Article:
Economic Botany Section
Meyer, Rachel , Whitaker, Bruce , Kennelly, Edward , Nee, Michael , Litt, Amy .
The history of eggplant domestication: a phytochemical, molecular, and ethnobotanical approach.
Eggplants are native to Asia and come in hundreds of varieties with a range of medicinal and culinary uses. Selection by indigenous peoples has resulted in different gastronomic and medicinal attributes that may be correlated with phytochemical and gene expression profiles. Our goal is to integrate phylogeographic, phytochemical, molecular, and ethnobotanical data to understand the history of eggplant domestication as seen through its diverse ethnobotanical uses. To understand the phylogeographic history of eggplant, we are sampling indigenous Asian varieties as well as all proposed progenitors and edible related species from Asia. Because conflicting claims have been made about the progenitor of eggplant, we are including previously unsampled taxa from S.E. Asia, specifically the Philippines. To confirm distinct varieties, AFLP analysis was conducted. This was followed by analysis of 2kb of genomic sequence data, largely from introns, for 20 varietal samples. These data were then used to generate a preliminary phylogeographic tree. Using this as a framework, we analyzed phytochemicals in eggplant that contribute to flavor and/or bioactivity to look for patterns correlated with the history and geography. Of particular interest to us are the class of polyamine-hydroxycinnamic acid amides and other phenolic conjugates. These compounds were recently identified in eggplants and wild relatives, and some have been clinically shown to be antioxidant, antihypertensive, and antiparasitic. A DPPH assay was used to quantify the antioxidant activity of phenolic partitions versus crude extract, and to compare raw versus cooked eggplant. Last, the relationship among eggplants, their attributed uses, and their phenolic concentrations, were correlated with expression of genes within the phenolic pathway to understand how components of the pathway are regulated. Small-scale varieties show dramatically higher gene expression for key enzymes in the phenolic pathway than commercial cultivars, suggesting there are substantial amounts of beneficial compounds that can be associated with use.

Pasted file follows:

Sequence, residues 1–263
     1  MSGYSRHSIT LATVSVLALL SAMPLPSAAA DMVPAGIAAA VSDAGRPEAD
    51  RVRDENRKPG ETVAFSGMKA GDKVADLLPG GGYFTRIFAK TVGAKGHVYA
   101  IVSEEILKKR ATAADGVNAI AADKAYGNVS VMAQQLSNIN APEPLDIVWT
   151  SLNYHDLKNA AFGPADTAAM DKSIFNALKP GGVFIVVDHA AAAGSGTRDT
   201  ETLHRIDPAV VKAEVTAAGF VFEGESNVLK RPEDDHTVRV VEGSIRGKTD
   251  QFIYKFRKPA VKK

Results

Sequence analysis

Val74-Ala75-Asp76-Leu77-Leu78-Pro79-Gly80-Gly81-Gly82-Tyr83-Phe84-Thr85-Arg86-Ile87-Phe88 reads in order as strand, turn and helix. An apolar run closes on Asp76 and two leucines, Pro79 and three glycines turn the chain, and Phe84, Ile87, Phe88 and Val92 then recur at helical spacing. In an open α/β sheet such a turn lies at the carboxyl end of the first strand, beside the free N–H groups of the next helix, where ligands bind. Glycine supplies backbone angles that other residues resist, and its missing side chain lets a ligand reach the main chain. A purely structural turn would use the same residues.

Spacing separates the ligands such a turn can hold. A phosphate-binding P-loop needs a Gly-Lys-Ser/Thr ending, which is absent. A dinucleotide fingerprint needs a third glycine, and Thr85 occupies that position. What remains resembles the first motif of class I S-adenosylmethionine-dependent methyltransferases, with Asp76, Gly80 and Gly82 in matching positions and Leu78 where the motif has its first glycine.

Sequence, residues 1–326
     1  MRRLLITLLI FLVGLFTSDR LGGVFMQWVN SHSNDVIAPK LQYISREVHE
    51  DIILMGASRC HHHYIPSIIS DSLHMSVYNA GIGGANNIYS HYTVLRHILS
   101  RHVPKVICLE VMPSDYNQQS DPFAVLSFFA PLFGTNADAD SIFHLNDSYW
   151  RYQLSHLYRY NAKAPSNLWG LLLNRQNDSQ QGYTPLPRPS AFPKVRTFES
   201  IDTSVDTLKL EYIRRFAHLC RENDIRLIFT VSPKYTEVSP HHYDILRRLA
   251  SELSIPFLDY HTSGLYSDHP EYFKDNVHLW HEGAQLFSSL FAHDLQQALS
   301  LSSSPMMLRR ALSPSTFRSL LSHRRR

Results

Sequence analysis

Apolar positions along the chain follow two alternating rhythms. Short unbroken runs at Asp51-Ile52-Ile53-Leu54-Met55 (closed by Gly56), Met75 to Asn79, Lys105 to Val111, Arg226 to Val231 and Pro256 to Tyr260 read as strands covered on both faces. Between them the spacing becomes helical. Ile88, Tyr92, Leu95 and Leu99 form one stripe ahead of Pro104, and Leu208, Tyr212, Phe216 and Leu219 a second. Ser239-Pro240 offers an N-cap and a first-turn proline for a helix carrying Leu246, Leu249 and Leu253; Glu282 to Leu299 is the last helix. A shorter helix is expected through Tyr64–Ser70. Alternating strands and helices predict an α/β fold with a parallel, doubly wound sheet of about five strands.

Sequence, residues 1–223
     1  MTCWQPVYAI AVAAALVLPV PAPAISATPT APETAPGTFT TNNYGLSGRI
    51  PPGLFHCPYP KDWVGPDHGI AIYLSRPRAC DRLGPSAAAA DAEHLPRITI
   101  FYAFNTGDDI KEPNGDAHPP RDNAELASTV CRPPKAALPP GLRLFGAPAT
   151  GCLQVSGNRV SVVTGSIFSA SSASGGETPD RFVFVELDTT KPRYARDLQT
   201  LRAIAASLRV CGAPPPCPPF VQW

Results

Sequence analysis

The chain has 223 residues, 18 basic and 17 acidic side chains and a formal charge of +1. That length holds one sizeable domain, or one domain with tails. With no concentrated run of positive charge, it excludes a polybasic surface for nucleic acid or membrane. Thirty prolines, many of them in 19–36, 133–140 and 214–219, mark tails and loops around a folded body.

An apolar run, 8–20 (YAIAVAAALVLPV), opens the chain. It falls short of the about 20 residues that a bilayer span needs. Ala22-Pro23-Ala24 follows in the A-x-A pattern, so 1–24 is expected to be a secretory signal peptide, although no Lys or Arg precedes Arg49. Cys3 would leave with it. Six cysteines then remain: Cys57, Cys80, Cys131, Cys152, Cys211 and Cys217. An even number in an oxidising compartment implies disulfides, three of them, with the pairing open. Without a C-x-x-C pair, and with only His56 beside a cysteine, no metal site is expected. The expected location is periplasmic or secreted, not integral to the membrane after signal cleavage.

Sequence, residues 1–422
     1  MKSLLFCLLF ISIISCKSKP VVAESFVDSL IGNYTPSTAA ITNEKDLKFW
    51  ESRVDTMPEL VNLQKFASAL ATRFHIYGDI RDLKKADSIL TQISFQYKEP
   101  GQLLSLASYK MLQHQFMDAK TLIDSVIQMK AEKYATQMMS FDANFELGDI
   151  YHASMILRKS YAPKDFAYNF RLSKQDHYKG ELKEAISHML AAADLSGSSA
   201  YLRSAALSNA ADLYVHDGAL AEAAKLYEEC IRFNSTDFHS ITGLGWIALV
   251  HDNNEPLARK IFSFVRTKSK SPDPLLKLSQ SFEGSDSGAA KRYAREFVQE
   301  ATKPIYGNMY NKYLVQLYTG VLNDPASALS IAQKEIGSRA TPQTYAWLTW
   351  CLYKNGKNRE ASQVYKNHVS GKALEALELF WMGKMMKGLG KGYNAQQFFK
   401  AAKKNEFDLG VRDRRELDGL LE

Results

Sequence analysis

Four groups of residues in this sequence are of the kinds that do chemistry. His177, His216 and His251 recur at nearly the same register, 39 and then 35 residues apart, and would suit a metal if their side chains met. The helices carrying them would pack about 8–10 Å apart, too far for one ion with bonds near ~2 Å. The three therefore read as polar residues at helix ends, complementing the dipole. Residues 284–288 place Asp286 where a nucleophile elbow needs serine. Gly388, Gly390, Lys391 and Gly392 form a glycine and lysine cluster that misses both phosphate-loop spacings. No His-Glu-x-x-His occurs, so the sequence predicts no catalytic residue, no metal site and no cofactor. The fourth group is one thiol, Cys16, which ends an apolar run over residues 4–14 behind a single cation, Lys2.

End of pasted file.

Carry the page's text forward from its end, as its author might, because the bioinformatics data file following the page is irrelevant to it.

Log in to add this item to your schedule
1 - City University of New York, Graduate Center / New York Botanical Gard, Biology, 365 Fifth Avenue, New York, NY, 10016, USA
2 - USDA Agricultural Research Service, Produce Quality and Safety, 10300 Baltimore Avenue, Bldg 002 Barc-West, Beltsville, MD, 20705, USA
3 - Lehman College, CUNY, Department of Biological Sciences, 250 Bedford Park Boulevard West, Bronx, NY, 10468, USA
4 - The New York Botanical Garden, Institute of Systematic Botany, 200th Street and Kazimiroff Blvd., Bronx, NY, 10458, USA
5 - The New York Botanical Garden, 200th St and Southern Boulevard, Bronx, NY, 10458-5126, USA
Presentation Type: Oral Paper:Papers for Sections
Date: Wednesday, July 30th, 2008
Time: 9:00 AM